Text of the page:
It’s a tricky path, obviously; you have to keep a firm hold on mainstream reality in order to safely navigate your way through the imagination. For me, that’s the beauty of urban fantasy: the urban keeps you safely anchored, and the fantasy sets you free to explore any possibility.
What did you enjoy most about writing this book?
I loved writing the relationship between Cora and her daughter Grace. That relationship is my love letter to my own daughter. And I really enjoyed imagining what my characters would see when they spirit-walked—how that would feel, the insights it might give you.
What drew you to your MC? What qualities do they possess that made them fun to?
Cora is very cautious and covert and has to learn how, and who to trust. What I like best about her is that she has all these wonderful qualities—she can spirit-walk, she paints, she can really love—but she remains down-to-earth and real. Just a normal woman going about her business. I’d like to think we’re all a bit like that.
What’s most difficult about being a writer?
Well, writing isn’t brain surgery or coal mining. But it takes tenacity. Everyone has a story inside them, but sitting down to write, day after day, with little hope of reward or even readers when you first begin—that’s an act of faith. It’s a little microcosm of life: you get up every day and do your best, and sometimes it’s fun, and sometimes it really isn’t, but you keep going, because… that’s what you do.
What’s next for you? What are you working on now?
I’m working on an early draft of a new walker novel, about a walker in the nineteenth century, and making notes for a third story about walkers, in which all my protagonists will come together.
In the meantime, I have a very different novel coming out towards the end of 2014, called Tales of the Revolution. The style of the story is influenced by my love of manga and Korean drama, and looks at the fine line between myth and history. It’s about a schoolgirl, Hana Takahashi, who lives half a life: between sunrise and sunset the world is hers, but at twilight her nocturnal mirror takes her place, dressed in Hana’s clothes and wearing Hana’s perfume. Everyone lives this way: this is the system of government rigorously imposed for generations by the City Fathers. In the end individuality, curiosity and opposition are eradicated, so no force is required to keep the system going. Then Hana falls in love with a charismatic nocturnal boy, and suddenly the ‘other’ becomes the same, and the theoretical becomes personal. When she ventures into the nocturnal world, Hana discovers broken people, wasted by the darkness, brittle-boned, underfed and ripe for revolution.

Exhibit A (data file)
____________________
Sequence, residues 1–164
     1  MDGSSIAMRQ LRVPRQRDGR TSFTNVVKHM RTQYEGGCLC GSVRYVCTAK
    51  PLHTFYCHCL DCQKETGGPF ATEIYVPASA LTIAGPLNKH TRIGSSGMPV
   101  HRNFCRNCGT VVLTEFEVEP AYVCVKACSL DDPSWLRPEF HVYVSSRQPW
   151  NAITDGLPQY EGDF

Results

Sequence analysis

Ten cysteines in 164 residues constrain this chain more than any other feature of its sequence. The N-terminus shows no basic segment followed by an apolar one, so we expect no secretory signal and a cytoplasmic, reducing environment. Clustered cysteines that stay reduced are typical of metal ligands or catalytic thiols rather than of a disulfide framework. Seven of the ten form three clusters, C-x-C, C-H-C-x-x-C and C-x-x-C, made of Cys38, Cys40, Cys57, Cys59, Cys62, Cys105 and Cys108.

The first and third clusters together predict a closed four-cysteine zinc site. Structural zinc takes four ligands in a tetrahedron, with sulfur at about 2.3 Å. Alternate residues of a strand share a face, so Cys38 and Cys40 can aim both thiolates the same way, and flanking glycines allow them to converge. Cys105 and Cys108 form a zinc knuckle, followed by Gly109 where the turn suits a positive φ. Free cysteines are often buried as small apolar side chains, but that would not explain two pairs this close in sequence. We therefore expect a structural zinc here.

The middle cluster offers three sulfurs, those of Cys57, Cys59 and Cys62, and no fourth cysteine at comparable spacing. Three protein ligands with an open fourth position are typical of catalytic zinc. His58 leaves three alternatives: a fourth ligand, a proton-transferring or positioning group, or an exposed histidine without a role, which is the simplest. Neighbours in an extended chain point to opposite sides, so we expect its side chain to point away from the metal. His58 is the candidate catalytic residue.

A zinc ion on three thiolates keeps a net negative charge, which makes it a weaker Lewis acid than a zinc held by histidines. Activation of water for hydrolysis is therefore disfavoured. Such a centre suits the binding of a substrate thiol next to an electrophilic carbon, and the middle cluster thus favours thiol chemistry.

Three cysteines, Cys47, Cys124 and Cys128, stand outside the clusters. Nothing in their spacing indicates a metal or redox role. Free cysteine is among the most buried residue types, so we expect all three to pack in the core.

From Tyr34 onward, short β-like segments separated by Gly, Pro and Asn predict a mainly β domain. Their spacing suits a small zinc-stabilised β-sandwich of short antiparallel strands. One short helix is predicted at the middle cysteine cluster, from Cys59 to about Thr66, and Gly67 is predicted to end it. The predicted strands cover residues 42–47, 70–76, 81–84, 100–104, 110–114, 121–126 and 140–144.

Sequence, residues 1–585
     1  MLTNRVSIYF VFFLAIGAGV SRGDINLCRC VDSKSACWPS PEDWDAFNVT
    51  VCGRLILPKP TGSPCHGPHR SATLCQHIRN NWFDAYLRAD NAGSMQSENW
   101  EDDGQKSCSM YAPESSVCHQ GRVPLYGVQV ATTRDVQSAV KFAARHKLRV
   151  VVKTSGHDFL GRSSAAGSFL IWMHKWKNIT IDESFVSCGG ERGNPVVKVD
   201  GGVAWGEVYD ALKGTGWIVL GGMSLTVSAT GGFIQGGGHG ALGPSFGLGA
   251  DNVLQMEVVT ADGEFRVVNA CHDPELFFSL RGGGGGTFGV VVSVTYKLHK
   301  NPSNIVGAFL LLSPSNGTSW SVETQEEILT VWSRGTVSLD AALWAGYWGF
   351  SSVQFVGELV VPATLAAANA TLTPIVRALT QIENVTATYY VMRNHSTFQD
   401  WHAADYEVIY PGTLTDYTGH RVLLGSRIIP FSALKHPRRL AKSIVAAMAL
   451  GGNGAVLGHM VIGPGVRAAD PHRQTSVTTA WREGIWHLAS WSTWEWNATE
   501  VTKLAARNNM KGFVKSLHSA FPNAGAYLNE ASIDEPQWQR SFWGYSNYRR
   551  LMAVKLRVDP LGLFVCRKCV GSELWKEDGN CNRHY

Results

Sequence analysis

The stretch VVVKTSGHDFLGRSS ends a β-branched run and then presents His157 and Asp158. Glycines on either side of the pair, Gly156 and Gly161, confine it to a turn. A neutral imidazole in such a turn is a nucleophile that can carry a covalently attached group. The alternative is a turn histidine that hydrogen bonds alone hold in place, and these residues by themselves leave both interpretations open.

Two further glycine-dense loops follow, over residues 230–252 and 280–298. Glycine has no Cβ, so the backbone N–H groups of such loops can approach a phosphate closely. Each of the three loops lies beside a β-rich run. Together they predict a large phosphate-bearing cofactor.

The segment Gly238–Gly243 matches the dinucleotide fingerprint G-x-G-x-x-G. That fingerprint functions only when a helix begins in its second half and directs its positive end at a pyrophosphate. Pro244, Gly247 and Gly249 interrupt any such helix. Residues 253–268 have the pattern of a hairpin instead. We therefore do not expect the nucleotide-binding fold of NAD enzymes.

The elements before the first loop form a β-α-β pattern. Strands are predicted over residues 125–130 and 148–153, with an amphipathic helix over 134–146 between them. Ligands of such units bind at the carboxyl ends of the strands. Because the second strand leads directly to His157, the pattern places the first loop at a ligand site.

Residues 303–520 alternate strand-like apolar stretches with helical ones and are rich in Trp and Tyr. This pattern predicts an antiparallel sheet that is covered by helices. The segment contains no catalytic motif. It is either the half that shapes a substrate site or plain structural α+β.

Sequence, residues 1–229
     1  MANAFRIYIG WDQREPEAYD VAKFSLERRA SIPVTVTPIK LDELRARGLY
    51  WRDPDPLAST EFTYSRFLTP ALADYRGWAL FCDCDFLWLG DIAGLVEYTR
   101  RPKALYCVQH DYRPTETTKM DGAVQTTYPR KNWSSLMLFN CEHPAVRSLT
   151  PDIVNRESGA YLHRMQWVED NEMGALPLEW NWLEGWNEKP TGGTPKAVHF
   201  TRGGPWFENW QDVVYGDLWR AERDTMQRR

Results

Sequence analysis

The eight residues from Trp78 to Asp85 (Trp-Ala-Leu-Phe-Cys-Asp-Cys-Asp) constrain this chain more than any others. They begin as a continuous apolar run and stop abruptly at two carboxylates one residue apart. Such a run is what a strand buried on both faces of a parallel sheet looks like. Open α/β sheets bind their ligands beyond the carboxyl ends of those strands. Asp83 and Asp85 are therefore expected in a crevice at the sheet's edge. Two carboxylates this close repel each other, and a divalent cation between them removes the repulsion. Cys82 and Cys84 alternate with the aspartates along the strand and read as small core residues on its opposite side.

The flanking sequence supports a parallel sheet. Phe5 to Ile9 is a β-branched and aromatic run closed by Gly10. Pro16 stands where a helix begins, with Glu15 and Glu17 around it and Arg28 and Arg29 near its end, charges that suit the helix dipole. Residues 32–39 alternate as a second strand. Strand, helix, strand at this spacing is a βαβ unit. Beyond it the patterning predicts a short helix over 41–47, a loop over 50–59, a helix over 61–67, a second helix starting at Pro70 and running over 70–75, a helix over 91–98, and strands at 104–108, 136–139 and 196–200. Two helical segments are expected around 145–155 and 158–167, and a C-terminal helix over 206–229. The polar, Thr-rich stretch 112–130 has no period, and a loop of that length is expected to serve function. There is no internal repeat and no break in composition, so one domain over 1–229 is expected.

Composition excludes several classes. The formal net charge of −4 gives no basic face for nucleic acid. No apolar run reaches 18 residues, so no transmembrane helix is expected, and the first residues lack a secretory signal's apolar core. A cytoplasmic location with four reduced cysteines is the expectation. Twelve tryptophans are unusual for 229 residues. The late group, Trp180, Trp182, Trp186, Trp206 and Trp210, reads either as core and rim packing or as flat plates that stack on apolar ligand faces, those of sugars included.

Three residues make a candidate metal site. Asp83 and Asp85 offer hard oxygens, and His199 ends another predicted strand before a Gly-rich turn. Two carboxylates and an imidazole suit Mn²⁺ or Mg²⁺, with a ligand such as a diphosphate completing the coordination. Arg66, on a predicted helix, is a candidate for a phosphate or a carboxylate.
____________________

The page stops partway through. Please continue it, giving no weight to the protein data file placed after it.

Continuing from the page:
In this story, I wanted to play with some big themes: is love enough to change the world? And it’s all very well to tear down a repressive society, but what are you going to put in its place? And when you’ve done your best and paid the price, what will history make of you?
The Walker’s Daughter is available at Amazon and other major outlets, in Kindle or paperback. http://amzn.to/1rV7SAa (USA) or http://amzn.to/1mS4e4S (UK).
Tales of the Revolution will be released later this year.
May all your journeys be sweet…